Artificial Pancreas Lingo
Here’s the skinny on some of the key terminology involved:

Algorithms - in case you’re unfamiliar, an algorithm is a set of step-by-step mathematical instructions that solve a recurrent problem. In the AP world, there are a bunch of different approaches to this -- which is a shame actually, because standardizing the protocols and reporting metrics would be hugely beneficial to both physicians (for evaluating data) and patients (for getting access to systems that provide a choice of interchangeable components).

Closed-loop - per definition, an automatic control system in which an operation, process, or mechanism is regulated by feedback. In the diabetes world, a closed-loop system is essentially an Artificial Pancreas, where insulin delivery is regulated by feedback from an algorithm based on CGM data.

Dual Hormone - this refers to AP systems that contain both insulin and glucagon, the hormone that has the opposite effect on blood sugar levels.

UI (user interface) - a technology term that refers to everything designed into a device with which a human being may interact -- the display screen, colors, buttons, lights, icon characters, help messages, etc. Researchers have come to realize that a poorly designed UI could be the deal-breaker that could keep patients from using an AP system. Therefore, a great deal of effort is currently going into the design of the UI.

Low-Glucose Suspend (LGS) or Threshold Suspend - that feature allowing an AP system to automatically shut down insulin delivery in the case that a low blood sugar threshold is reached. This capability is key to creating an AP that can truly control glucose levels.

#WeAreNotWaiting - the hashtag that has become a rally cry among citizen hackers moving ahead with medical device innovation without waiting for doctors, pharma, or the FDA to give them the go-ahead. This grassroots initiative has been very influential in accelerating innovation, including AP development.

#OpenAPS - a homemade “do-it-yourself” Artificial Pancreas system created by citizen hackers Dana Lewis and Scott Leibrand. Their incredible work has spawned a movement, as more and more patient entrepreneurs begin to use and iterate on this system. The FDA has acknowledged OpenAPS, and is still grappling with how to respond.

Some Important Things to Know About AP Systems
Here are some important facts about AP development, in no particular order:

FDA and JDRF are Pushing Hard on AP Progress
Actually, they’ve been pushing on this for a full decade!

Back in 2006, JDRF established the Artificial Pancreas Project Consortium (APPC), a multi-year, multi-million dollar initiative to accelerate AP development. This got a big boost when that same year, FDA also named AP technology as one of its “Critical Path” initiatives to drive innovation in scientific processes.

Then in March 2011, JDRF proposed that the FDA issue guidance to help further accelerate development. JDRF worked with clinical experts to draft those initial recommendations, which were released in December 2011.

In March of 2012, the FDA gave the green light to the very first outpatient clinical trial of an AP system.

Clinical Trials for Artificial Pancreas AboundBionic Pancreas clinical trials
As it stands today, there are several hundred sites around the country and around the world conducting AP clinical trials -- many of them in “outpatient” settings, meaning study participants are not confined to a hospital or clinic.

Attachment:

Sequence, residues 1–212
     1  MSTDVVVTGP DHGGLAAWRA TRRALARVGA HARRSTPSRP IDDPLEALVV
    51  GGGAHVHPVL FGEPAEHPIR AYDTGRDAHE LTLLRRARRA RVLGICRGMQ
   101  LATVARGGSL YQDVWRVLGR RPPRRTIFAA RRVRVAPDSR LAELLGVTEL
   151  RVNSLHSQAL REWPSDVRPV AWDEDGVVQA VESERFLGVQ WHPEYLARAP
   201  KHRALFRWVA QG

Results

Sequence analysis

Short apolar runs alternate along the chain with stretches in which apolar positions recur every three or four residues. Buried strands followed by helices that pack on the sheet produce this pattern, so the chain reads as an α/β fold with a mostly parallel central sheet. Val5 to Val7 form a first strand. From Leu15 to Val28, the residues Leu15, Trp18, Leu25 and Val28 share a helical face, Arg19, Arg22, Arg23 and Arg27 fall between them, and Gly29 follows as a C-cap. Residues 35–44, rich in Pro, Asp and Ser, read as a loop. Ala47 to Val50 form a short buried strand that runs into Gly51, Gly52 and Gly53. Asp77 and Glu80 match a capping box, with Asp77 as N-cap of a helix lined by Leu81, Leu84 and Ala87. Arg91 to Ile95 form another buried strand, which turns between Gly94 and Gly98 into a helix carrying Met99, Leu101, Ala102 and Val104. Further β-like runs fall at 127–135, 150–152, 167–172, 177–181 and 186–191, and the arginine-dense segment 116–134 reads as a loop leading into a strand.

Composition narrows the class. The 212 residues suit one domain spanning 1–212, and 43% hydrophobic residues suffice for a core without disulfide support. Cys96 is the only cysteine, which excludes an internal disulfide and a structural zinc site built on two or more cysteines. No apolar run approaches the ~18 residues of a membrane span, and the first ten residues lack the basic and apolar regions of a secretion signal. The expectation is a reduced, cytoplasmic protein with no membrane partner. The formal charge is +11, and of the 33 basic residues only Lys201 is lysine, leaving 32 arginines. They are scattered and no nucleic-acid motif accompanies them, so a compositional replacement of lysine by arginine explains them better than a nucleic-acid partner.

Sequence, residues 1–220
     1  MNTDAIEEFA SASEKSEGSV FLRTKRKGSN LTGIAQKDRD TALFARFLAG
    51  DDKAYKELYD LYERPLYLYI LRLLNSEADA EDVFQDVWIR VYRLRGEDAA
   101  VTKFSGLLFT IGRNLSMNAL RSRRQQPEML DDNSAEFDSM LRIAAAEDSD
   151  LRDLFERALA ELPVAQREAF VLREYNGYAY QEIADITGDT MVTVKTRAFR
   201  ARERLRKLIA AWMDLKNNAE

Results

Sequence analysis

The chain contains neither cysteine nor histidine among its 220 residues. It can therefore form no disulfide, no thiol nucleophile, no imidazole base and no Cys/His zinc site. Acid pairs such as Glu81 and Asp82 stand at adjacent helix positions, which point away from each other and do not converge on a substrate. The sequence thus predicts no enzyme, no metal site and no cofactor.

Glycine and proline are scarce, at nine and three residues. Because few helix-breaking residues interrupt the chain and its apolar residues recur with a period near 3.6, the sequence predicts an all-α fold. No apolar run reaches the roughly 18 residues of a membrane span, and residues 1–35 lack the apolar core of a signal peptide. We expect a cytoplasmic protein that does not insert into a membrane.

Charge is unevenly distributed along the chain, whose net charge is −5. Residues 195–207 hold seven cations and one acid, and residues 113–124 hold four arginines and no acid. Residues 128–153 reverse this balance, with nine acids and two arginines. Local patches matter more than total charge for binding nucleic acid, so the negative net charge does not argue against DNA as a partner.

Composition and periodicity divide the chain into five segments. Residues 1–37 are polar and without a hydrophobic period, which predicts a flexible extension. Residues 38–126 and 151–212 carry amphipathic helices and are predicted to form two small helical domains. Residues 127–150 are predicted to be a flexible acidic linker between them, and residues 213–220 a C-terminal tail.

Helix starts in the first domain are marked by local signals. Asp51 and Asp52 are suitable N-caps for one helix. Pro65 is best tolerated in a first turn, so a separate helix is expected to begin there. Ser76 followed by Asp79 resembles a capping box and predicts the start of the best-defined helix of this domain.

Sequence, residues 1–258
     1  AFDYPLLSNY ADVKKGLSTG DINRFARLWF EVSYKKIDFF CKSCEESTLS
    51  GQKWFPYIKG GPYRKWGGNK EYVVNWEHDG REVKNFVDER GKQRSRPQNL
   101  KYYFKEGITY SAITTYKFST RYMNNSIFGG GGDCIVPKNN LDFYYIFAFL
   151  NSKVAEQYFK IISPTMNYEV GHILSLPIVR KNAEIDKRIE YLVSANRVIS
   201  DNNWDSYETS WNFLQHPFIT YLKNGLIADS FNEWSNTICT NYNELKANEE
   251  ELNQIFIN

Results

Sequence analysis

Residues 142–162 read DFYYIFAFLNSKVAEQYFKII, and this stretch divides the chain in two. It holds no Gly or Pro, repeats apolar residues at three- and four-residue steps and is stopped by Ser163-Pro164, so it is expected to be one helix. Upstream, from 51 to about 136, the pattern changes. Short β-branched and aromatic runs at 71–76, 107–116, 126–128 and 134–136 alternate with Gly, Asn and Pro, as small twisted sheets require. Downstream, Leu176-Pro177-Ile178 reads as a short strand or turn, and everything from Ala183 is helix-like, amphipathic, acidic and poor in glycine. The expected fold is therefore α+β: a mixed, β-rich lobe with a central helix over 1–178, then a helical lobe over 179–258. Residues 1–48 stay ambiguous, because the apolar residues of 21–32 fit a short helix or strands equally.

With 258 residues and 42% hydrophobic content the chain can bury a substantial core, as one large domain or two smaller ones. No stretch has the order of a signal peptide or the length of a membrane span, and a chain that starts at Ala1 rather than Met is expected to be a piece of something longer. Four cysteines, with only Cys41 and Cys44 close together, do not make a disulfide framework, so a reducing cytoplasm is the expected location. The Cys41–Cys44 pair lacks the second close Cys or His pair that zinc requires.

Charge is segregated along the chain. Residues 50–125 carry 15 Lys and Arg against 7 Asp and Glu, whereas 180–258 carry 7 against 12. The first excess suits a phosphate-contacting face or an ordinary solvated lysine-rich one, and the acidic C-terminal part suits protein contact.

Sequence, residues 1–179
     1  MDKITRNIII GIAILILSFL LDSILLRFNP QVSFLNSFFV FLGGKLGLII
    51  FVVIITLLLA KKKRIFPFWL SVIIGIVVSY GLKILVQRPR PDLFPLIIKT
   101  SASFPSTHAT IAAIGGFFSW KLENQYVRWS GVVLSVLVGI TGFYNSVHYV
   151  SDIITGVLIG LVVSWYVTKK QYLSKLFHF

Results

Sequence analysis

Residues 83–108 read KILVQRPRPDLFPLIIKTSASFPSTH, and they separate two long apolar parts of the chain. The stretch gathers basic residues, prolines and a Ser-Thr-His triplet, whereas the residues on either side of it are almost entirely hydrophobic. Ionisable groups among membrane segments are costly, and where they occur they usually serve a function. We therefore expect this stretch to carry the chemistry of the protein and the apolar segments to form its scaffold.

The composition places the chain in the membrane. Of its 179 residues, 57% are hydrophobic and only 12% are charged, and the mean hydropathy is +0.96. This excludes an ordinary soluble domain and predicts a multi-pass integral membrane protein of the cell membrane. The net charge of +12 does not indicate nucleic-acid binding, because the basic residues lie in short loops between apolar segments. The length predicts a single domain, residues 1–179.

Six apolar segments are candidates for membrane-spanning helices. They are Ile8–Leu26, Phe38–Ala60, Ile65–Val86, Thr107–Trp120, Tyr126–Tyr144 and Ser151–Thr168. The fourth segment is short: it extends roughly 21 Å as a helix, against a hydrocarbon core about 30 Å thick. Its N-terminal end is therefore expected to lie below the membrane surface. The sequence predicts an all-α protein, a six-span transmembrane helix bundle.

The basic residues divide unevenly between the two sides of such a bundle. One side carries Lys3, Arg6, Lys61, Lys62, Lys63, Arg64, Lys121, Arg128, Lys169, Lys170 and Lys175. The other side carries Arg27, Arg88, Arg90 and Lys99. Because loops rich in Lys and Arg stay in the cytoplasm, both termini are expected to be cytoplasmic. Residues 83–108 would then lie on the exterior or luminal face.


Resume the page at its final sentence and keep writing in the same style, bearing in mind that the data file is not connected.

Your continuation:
Two of the newest trials, that kicked off in January of 2016, are expected to pave the way for FDA approval of a commercial product by proving the safety and efficacy of an AP system over the long-term (6 months to a year) “in the patient’s natural environment.”

There’s No Such Thing as “Non-Invasive”
Lots of folks unfamiliar with diabetes are surprised to hear that all this equipment still pierces our skin, because they keep hearing about breakthrough “non-invasive” diabetes technology.

While it is true that new inhalable insulin hit the market in the past year (MannKind’s Afrezza), so far that mealtime-only insulin has not been sufficient for use in an Artificial Pancreas system. Current AP systems use a pump that delivers insulin through a small “subcutaneous” (under the skin) cannula.

It’s also been a dream for many decades to create a way to measure glucose without poking the skin, but we are not there yet either. So far, attempts to measure BG through the skin itself, through sweat, and even through your eyes have not been successful. But the experts are still hard at work trying. Note that Google is investing in developing contact lenses for glucose measurement. Cross your fingers (or your eyes?) for that one!

User Involvement & Risk Are Key Issues
The FDA, whose role it is to worry about patient safety, is understandably concerned about the risks involved with an automated system that delivers insulin without human intervention. Or without much human intervention… It is unclear to what extent an AP user will have to “announce” upcoming meals or exercise. And most systems do include alarms to encourage user oversight and intervention when needed.

The FDA also took a very long time to approve the first step towards automation, an ‘‘insulin suspend” feature in the Medtronic system that shuts off insulin delivery for two hours overnight when a low blood sugar threshold is reached and the user does not respond to alarms.

While the FDA’s thinking was that stopping insulin delivery poses a risk to the patient, most people who take insulin see this differently.

Many patients’ thinking (including ours at the ‘Mine) goes like this:

Insulin is already a very risky drug. Patients make mistakes dosing it all the time! So having a smart software system that can make informed recommendations is a huge advantage. Also, if someone is experiencing nocturnal hypoglycemia, there is more risk involved in NOT shutting off insulin delivery than in allowing it to proceed.

As with almost all medical treatments, there are risks and trade-offs involved. But we patients whose lives depend on insulin feel that an AP system would actually REDUCE the day-to-day risks that we already face with severe hypoglycemia and suboptimal glucose control.